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Enobarbus – What Significance Does He Have In The Play: Antony & Cleopatra

681 words - 3 pages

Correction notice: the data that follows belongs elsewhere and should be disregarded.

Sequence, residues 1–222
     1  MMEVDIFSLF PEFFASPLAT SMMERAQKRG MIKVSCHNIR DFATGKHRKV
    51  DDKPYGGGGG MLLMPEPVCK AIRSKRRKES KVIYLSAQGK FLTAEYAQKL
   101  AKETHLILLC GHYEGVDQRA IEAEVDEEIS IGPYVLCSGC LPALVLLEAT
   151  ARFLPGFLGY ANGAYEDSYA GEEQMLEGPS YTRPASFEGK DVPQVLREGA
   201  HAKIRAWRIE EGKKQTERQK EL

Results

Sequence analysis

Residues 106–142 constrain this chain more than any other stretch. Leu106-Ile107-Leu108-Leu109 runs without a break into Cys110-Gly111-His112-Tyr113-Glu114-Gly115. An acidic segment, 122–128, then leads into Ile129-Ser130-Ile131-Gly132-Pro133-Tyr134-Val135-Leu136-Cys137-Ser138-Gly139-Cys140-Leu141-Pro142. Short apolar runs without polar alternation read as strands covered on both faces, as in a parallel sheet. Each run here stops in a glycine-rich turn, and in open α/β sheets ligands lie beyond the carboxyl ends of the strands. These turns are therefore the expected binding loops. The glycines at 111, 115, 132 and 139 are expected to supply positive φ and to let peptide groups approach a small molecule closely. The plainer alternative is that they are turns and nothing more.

Enobarbus - What significance does he have in the play: Antony & CleopatraEnobarbus is a significant character in Shakespeare's play and contributes to the drama in a number of ways. He is sympathetic to Antony from the start and is his most loyal and devoted friend which allows him to speak freely, even when he is critical of Antony.Shakespeare is able to use Enobarbus as a vehicle for the truth and common sense. When Antony's rational thinking escapes him, Enobarbus is not afraid to speak his mind and give his objective view. This can be seen near the start of the play when Antony wishes he had never met Cleopatra, instead of agreeing with his superior officer, Enobarbus offers the rejoinder, had that been the case, Antony would have 'missed a wonderful piece of work' . This also shows Enobarbus is not your usual Roman misogynistic man like his fellow countrymen Philo and Demetrius. In fact, Enobarbus mirrors Antony's love of the Egyptian lifestyle 'bring in the banquet quickly. Wine enough Cleopatra's health to drink'Enobarbus could also be seen as an instrument to highlight the exaggerated lives and relationship of Antony and Cleopatra. In Act 2 Scene 2, Enobarbus delivers one of Shakespeare's most famous speeches, and it changes the whole tone of the play dramatically. Up until this speech, the reader could only guess about the mythical connections that bind Antony and Cleopatra together ' The barge she sat in, like a burnished throne, burned on the water. The poop was beaten gold...age could not wither her, nor custom stale her infinite variety...' This poetic speech not only highlight's Cleopatra's mythical god like qualities, but emphasise the superior qualities Antony possesses, because only a truly prominent figure of a man could conquer the love of a lady such as Cleopatra. The speech is also an insight into Enobarbus's feelings for Cleopatra, as poetry such as this speech was so far removed from the character of a Roman soldier that it must be inspired by...

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